Blackpool hero Jimmy Armfield spoke movingly of his friendship with the late Sir Tom Finney as thousands paid tribute to a footballing great.
Former Blackpool and England skipper Jimmy Armfield paid a warm tribute in his address to the congregation assembled at Preston Minster, describing his close friend as a sporting icon who had won the hearts of a nation.
“I am just pleased to have been on the planet as the same time as him,” Armfield said in his address at the church, which was packed with the great and the good of football.
Armfield recalled how Sir Tom had once given him a lift back to Blackpool, saying: “We talked about football from start to finish.
“We talked about (Blackpool players) Stanley Matthews and Harry Johnston - we talked about everything, except him.
“He never mentioned himself, but that was Tom. He was thoughtful and considerate.”
Arnfield recalled how he saw Sir Tom destroy First Division defences and score goals for England.
“He served his country during the War and he served England on the football ground.
“He has opened up a treasure trove of football memories.”
Armfield remarked about how many things had changed in football since Finney’s hey-day, like training methods, faacilities and the pitches.
He referred to the modern-day trend of players’ names being printed on the back of their shirts, raising laughter from the congregation when he said: “We didn’t need to be reminded who we were in those days!”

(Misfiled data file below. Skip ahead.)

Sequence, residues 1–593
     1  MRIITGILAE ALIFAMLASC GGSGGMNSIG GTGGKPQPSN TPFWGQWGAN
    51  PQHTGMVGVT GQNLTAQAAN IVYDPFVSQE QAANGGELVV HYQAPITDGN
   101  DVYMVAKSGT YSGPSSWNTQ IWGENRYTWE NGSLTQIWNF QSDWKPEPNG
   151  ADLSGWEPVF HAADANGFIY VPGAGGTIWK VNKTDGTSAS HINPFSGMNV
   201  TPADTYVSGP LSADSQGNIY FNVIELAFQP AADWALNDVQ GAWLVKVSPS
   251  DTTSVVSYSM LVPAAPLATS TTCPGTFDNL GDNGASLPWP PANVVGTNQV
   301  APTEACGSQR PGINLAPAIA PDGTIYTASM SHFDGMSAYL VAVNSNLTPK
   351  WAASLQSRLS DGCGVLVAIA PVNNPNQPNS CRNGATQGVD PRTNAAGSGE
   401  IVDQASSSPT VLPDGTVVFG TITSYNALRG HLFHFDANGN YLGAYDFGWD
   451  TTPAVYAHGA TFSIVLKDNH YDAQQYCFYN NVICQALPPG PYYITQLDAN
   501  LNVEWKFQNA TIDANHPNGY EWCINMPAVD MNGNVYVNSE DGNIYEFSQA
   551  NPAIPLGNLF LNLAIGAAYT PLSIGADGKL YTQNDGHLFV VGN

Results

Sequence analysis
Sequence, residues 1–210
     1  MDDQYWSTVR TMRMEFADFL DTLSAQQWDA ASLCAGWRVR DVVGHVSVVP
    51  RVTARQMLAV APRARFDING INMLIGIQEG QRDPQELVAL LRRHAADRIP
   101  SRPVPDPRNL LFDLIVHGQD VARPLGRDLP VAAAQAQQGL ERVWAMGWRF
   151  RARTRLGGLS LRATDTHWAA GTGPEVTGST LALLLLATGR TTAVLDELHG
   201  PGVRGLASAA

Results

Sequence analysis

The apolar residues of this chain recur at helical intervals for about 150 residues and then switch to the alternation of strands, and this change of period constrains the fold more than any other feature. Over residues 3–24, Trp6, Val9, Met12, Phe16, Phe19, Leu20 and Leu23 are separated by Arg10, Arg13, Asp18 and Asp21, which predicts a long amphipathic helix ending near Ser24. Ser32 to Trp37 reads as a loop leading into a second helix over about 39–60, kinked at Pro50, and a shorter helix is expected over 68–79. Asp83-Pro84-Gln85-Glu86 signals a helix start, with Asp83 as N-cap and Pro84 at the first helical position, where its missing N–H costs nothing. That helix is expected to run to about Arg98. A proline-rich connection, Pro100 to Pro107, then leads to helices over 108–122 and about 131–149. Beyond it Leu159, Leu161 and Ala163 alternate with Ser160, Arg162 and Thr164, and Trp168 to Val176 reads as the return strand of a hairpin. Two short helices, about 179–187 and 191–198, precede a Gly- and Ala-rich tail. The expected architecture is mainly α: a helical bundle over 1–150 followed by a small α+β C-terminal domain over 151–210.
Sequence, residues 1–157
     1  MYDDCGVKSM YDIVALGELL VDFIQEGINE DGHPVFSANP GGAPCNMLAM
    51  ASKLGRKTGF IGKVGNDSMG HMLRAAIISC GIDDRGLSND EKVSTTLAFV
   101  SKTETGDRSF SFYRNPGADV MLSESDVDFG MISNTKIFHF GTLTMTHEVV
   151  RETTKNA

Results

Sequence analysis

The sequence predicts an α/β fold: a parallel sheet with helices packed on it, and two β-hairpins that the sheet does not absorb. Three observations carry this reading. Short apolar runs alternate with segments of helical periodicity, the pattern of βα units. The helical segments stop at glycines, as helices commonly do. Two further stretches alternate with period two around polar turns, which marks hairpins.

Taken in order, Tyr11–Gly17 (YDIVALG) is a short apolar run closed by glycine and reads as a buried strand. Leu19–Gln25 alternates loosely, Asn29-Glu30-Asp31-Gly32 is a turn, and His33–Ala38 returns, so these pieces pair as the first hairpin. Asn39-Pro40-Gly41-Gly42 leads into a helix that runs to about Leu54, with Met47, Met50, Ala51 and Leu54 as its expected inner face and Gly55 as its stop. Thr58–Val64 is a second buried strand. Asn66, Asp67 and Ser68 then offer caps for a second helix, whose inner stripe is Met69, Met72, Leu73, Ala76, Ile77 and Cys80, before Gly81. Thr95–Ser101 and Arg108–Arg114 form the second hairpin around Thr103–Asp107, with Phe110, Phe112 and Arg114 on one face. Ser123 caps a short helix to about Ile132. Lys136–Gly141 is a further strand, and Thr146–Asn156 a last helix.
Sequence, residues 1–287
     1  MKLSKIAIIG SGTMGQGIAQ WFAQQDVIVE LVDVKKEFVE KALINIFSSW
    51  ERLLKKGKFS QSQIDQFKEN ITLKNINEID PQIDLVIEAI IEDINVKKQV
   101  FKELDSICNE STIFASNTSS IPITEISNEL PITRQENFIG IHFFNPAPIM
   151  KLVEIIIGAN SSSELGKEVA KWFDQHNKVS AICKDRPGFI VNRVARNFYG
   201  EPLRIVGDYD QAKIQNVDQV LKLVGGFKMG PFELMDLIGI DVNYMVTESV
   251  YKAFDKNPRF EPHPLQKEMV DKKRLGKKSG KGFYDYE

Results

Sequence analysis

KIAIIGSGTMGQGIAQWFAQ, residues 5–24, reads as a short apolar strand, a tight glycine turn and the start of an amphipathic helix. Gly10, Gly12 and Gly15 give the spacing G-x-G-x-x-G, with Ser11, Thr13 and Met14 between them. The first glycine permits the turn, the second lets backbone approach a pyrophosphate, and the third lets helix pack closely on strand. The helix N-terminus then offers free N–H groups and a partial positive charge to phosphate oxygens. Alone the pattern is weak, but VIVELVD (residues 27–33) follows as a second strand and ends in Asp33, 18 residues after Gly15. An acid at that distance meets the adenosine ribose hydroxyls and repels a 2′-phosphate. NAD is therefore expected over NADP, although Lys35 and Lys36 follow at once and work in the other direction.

He added: “The peope knew the players then - Tom Finney would walk down the street in those days.
“And if you were lucky and you wanted a plumber he would mend a leak for you!”
Armfield was referring to the fact that as well as a distinguished career on the field for Preston North End and England, Finney ran a successful plumbing business in his home city.
He praised his performances on the field, saying: “People forget that he was also an athlete - he didn’t dive on the field and he didn’t feign injury.
That wasn’t part of his repertoire - Tom was the footballers’ footballer.
.”He was a real all-round athlete and in my opinion one of the real sporting icons that has ever come out of these isles.
“He was world famous but he never won a championship medal or an FA Cup winner’s medal, though he won something much more important: the hearts of his team-mates, the supporters, opposing players even and of the whole country.”
Armfield spoke of how at the high point of his career Finney had been made an offer to play in Italy,
He said: “That might have been good for Tom’s wife Elsie and his family - but it wouldn’t have been right for the rest of us.
“We couldn’t afford to lose a person like Tom, he will always be one of us.
“Italy didn’t seem right - Tom Finney and Preston are words that seem welded together.”
Thousands of people lined the streets of Preston to see the funeral cortege as it travelled from Deepdale stadium to Preston Minster.
The minster itself was packed with many figures from football and the city to pay tribute to the former England winger, who died aged 91 two weeks ago.
Finney won 76 caps and scored 30 international goals, and played for Preston all his career, making 569 first-class appearances.
Fleetwood Town manager Graham Alexander was one of the pallbearers.